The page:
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the competencies required for a VUCA world difficult. “I am not advocating for a curriculum that is thin on knowledge. The notion that knowledge is becoming less important to teach because information can be googled is dangerous”. She explained that thinking is dependent on one’s personal knowledge. Critical thinking suggests that one can weigh evidence carefully and consider alternatives. This requires a knowledge-base to draw on. “Thinking creatively and innovatively is often the result of bringing together unrelated aspects of one’s knowledge”, she continued. “Some facts and detail can be googled, but even knowing what to google depends on what you already know”. The Centre for Curriculum Redesign (CCR) suggested that the curriculum be analysed to identify the core concepts and necessary

content that are important to learn. Gravett said that “relevance is crucial and, to use the words of the Harvard academic David Perkins, there should be an emphasis on what is life worthy in the 21st century”. Nurturing life-worthy knowledge To get life-worthy knowledge to children and youth does not require an overhaul of the existing curriculum, but a pruning of the curriculum content to create space for adding 21st-century skills. Deep learning is not possible in a crowded curriculum. “Integrating 21st-century skills in the curriculum requires careful decisions about which competencies to focus on during schooling”, explained Gravett. Piloting 4IR education in Limpopo The Sandbox Project is a pilot 4IR education project that is spearheaded by the National Education Collaboration Trust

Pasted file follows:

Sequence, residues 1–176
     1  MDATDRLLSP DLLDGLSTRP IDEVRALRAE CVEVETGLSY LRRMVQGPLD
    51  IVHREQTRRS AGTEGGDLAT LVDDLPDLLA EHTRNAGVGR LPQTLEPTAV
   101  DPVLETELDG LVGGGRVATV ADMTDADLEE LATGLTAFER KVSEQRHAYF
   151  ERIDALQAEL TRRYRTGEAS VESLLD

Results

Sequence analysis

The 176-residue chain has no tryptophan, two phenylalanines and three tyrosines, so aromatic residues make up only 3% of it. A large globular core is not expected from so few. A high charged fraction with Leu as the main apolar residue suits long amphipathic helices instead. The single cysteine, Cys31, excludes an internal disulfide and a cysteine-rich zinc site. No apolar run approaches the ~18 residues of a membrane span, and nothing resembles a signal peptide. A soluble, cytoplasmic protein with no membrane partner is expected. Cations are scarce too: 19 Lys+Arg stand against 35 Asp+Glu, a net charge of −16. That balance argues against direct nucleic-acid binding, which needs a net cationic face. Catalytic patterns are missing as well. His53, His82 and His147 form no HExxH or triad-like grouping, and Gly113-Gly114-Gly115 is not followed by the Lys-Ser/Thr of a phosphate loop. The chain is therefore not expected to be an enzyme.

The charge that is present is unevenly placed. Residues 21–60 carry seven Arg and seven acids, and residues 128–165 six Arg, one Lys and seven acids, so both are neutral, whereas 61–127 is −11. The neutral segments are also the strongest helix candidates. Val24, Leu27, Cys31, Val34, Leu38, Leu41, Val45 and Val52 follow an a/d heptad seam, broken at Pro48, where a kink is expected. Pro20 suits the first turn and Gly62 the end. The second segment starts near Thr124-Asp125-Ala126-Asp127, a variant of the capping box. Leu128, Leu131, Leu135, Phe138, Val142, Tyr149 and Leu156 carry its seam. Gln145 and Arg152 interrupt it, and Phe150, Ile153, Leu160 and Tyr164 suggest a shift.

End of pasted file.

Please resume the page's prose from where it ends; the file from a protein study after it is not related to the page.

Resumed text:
(NECT). The project leaders developed a framework for 21st-century learning that has been initiated at 10 selected public primary schools (sandbox schools) in the Waterberg district of Limpopo. The Funda UJabule School on the UJ’s Soweto Campus will also participate. The project is meant to inform us about how 21st-century competencies could be infused into schools. “While implementing the pilot, UJ academics and postgraduate students will also research the implications for teacher education”, said Gravett. “Working in a research laboratory school, such as the one on the UJ Soweto Campus, gives us the opportunity to observe and to record how teachers deal with a sandbox curriculum”. The Waterberg schools may show us what the possibilities and challenges are in everyday practice, which is what we need to proceed in everyday practice with a feasible curriculum for the future that our children face.



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